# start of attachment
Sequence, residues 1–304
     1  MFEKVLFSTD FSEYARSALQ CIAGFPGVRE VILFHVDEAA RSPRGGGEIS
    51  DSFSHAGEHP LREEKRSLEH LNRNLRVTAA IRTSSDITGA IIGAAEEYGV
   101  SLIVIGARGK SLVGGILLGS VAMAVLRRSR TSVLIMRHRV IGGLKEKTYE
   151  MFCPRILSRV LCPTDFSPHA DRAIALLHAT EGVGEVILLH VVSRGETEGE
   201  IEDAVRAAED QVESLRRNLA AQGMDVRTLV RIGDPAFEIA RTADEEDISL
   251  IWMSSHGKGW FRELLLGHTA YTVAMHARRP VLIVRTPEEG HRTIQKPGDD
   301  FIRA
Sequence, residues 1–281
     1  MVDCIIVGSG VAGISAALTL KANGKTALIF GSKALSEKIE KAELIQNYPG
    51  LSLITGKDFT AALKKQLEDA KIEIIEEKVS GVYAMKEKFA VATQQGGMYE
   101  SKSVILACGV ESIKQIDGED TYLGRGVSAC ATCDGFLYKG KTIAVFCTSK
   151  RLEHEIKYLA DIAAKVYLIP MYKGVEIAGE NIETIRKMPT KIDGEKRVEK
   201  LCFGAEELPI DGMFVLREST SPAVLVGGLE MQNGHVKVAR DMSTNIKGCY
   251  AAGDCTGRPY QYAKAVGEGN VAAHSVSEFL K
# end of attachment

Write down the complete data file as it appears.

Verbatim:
Sequence, residues 1–304
     1  MFEKVLFSTD FSEYARSALQ CIAGFPGVRE VILFHVDEAA RSPRGGGEIS
    51  DSFSHAGEHP LREEKRSLEH LNRNLRVTAA IRTSSDITGA IIGAAEEYGV
   101  SLIVIGARGK SLVGGILLGS VAMAVLRRSR TSVLIMRHRV IGGLKEKTYE
   151  MFCPRILSRV LCPTDFSPHA DRAIALLHAT EGVGEVILLH VVSRGETEGE
   201  IEDAVRAAED QVESLRRNLA AQGMDVRTLV RIGDPAFEIA RTADEEDISL
   251  IWMSSHGKGW FRELLLGHTA YTVAMHARRP VLIVRTPEEG HRTIQKPGDD
   301  FIRA
Sequence, residues 1–281
     1  MVDCIIVGSG VAGISAALTL KANGKTALIF GSKALSEKIE KAELIQNYPG
    51  LSLITGKDFT AALKKQLEDA KIEIIEEKVS GVYAMKEKFA VATQQGGMYE
   101  SKSVILACGV ESIKQIDGED TYLGRGVSAC ATCDGFLYKG KTIAVFCTSK
   151  RLEHEIKYLA DIAAKVYLIP MYKGVEIAGE NIETIRKMPT KIDGEKRVEK
   201  LCFGAEELPI DGMFVLREST SPAVLVGGLE MQNGHVKVAR DMSTNIKGCY
   251  AAGDCTGRPY QYAKAVGEGN VAAHSVSEFL K